THE term ‘lunatic asylum’ has become coloured over the years by its associations with Bedlam and with the degradation of those suffering from mental illness or disability.
Such institutions, half-prison, half-workhouse, at least in our imaginations, cast a long shadow over the treatment of mental health.
Good riddance, is probably the attitude of many to their demise.
And yet ... and yet ... while it’s true that some people saw out their lives in asylums, who didn’t belong in them, the ethos of those of the Victorian era was, by its light at least, to be protective and to encourage recovery.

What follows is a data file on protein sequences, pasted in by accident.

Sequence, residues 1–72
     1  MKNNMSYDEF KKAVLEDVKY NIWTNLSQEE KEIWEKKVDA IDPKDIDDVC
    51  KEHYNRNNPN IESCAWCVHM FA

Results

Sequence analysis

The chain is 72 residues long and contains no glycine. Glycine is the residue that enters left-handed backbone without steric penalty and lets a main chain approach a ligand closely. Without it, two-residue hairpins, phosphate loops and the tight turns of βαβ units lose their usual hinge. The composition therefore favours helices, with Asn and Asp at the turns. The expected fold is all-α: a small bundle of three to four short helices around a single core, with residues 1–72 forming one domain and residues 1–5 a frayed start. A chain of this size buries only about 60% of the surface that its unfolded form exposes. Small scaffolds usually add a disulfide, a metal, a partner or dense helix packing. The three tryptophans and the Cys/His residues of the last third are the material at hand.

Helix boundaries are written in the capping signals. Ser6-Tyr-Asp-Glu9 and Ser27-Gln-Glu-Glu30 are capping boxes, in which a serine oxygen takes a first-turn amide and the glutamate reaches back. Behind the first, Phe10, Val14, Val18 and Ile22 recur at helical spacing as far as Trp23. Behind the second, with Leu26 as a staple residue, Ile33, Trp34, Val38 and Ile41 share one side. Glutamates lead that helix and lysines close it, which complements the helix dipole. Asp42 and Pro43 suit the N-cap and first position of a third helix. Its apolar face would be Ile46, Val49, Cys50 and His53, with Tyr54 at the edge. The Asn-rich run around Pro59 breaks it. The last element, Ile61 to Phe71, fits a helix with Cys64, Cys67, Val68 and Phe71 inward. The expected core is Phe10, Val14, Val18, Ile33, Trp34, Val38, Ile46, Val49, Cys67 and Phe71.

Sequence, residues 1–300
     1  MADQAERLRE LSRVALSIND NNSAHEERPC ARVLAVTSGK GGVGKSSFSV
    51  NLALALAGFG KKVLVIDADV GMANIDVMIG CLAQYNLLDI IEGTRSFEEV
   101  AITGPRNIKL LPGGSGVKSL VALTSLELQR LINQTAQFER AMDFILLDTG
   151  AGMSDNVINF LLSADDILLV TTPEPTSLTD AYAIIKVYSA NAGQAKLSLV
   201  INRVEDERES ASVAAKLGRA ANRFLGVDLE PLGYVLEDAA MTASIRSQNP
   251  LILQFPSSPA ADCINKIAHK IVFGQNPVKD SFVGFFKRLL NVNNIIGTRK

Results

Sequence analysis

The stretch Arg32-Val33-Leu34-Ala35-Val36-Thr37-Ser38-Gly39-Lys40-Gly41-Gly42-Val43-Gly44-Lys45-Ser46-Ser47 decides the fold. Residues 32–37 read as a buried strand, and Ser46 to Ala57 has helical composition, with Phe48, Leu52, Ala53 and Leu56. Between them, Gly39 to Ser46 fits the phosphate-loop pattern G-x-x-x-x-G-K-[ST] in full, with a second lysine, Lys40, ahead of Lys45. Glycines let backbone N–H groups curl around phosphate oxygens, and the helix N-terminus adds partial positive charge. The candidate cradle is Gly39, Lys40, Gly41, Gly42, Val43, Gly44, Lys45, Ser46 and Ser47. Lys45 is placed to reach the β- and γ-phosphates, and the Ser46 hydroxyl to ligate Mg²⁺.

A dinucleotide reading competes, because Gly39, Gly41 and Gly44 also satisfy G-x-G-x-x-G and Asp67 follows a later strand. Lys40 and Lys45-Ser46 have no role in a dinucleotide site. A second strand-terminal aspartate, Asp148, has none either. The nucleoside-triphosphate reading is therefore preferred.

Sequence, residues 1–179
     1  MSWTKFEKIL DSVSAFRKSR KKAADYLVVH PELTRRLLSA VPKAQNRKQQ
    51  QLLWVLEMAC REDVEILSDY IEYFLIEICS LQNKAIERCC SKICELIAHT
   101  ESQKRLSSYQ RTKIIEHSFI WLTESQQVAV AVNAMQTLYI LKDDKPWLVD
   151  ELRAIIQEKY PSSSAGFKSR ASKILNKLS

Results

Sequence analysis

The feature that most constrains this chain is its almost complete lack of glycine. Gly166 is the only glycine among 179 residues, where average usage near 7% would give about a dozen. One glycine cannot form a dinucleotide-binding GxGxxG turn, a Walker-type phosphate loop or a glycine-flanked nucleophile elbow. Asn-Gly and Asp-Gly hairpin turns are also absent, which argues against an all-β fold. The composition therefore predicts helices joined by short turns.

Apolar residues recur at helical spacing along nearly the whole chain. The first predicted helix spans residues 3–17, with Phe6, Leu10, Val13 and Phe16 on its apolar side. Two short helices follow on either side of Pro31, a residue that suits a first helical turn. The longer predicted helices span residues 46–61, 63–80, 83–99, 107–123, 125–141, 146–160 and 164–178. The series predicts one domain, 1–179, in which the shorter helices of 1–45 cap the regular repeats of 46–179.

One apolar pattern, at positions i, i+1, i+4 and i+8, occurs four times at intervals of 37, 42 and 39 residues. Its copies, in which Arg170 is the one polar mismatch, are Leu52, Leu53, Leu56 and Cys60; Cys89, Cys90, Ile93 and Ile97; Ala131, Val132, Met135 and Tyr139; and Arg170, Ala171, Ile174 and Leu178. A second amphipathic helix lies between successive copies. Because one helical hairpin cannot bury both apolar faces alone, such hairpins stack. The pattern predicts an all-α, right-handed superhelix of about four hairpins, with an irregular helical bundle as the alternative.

Life in the Victorian Asylum, by Mark Stevens, is an illuminating book, taking the reader, as if we were the patient, through the doors of a typical institution of the period.
There is a strict regime, as you would expect, but its aspiration is cleanliness, nourishment and occupation.
Work as well as games and other entertainment deflect disordered thinking. There is exercise, often in the fresh air.
These actually comprise the greater part of the treatment, with only limited recourse to medicines – not that force-feeding and padded cells didn’t exist.
You’re left contrasting it all with today, where mental health has become the Cinderella of the health service, and care in the community is too many families struggling alone with distressed loved ones.
Somewhere between then and now, we seem to have lost our way.
* Life in the Victorian Asylum, by Mark Stevens, is published in hardback, price £19.99, by Pen and Sword Books (www.pen-and-sword.co.uk)